IBM has unveiled a new generation of tape storage technology, LTO-8, which provides a huge boost compared to the previous generation, and is capable of storing 30TB of data per cartridge.
LTO-8 is expected to be unleashed before the end of the year, and it offers a compressed capacity of 30TB and native capacity of 12TB, which is double that of LTO-7.
It further boasts faster native and compressed transfer rates of 360MB/s and 750MB/s respectively (compared to 300MB/s and 700MB/s for the previous generation). As Storage Newsletter (opens in new tab) reports, the new tech also means costs are now down below the half-cent per gigabyte barrier.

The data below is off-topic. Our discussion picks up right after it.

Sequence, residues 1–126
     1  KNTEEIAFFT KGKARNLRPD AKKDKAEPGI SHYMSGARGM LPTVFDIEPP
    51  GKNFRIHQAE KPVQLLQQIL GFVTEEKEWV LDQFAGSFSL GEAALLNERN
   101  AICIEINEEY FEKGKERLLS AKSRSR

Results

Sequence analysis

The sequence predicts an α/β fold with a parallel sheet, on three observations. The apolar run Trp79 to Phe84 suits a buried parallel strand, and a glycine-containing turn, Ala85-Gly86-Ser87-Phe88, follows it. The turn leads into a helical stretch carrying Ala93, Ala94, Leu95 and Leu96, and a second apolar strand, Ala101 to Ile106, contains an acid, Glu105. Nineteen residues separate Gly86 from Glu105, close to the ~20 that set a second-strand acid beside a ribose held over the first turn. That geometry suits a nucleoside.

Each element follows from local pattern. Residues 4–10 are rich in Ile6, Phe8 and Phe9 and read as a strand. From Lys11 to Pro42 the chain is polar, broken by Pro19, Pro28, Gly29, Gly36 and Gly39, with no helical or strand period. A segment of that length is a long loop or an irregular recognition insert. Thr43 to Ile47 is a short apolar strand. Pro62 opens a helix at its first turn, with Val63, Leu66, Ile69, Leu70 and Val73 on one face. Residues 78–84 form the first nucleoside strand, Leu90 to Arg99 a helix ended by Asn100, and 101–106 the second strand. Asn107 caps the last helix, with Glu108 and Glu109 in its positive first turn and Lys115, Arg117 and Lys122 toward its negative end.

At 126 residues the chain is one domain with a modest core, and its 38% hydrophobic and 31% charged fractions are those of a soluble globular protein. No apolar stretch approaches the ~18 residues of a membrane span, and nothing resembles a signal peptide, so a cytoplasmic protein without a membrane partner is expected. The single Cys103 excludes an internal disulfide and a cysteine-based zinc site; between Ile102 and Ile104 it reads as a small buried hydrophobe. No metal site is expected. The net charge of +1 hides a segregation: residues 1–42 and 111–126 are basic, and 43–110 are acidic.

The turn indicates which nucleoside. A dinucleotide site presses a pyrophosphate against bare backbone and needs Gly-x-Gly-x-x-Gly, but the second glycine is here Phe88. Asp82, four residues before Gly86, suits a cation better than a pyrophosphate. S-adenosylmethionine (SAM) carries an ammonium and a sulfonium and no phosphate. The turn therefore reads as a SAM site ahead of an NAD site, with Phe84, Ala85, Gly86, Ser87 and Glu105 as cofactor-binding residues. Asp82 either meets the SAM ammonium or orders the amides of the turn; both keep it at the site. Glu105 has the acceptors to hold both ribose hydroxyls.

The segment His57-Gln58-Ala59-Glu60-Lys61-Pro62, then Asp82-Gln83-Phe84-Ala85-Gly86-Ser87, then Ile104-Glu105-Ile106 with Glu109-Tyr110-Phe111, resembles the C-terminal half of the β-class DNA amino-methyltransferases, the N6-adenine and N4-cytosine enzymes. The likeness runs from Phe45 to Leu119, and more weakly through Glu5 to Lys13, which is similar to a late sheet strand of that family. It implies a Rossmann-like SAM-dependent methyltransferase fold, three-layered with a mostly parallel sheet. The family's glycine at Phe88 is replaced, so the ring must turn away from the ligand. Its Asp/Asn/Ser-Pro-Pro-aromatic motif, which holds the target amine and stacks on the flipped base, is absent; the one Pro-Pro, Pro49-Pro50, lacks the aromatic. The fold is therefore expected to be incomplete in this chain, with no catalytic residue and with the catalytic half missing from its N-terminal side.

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The new standard maintains compatibility with LTO-7, and on the data security front, IBM notes: “The LTO Ultrium 8 technology is also designed to natively support data encryption, with core hardware encryption and decryption capabilities resident in the LTO Ultrium 8 tape drive itself.”
Tape storage is still popular for a number of reasons, including the security aspect of being able to physically lock away the storage media, and affordability when compared to the likes of capacious spinning disks (you could also look cloud-wards, but that’s a whole other kettle of potential security worries).
Clearly, much bigger and more affordable tape cartridges aren’t going to hurt when it comes to the continued use of this backup/archive storage medium.